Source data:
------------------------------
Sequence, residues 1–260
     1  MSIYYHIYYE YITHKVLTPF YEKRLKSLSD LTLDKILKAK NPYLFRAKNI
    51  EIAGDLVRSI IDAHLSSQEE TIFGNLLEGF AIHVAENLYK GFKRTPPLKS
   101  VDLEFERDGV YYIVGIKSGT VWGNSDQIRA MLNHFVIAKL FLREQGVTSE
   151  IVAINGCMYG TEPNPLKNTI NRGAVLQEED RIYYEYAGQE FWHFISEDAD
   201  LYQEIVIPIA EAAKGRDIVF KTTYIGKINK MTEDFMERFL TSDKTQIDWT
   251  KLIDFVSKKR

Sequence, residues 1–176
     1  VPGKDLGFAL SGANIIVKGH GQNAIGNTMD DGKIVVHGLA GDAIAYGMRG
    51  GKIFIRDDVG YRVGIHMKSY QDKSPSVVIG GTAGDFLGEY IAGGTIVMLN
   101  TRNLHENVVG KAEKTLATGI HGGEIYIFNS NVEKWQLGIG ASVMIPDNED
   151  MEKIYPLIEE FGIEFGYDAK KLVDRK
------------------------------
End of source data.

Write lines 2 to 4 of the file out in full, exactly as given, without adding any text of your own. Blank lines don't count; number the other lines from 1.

     1  MSIYYHIYYE YITHKVLTPF YEKRLKSLSD LTLDKILKAK NPYLFRAKNI
    51  EIAGDLVRSI IDAHLSSQEE TIFGNLLEGF AIHVAENLYK GFKRTPPLKS
   101  VDLEFERDGV YYIVGIKSGT VWGNSDQIRA MLNHFVIAKL FLREQGVTSE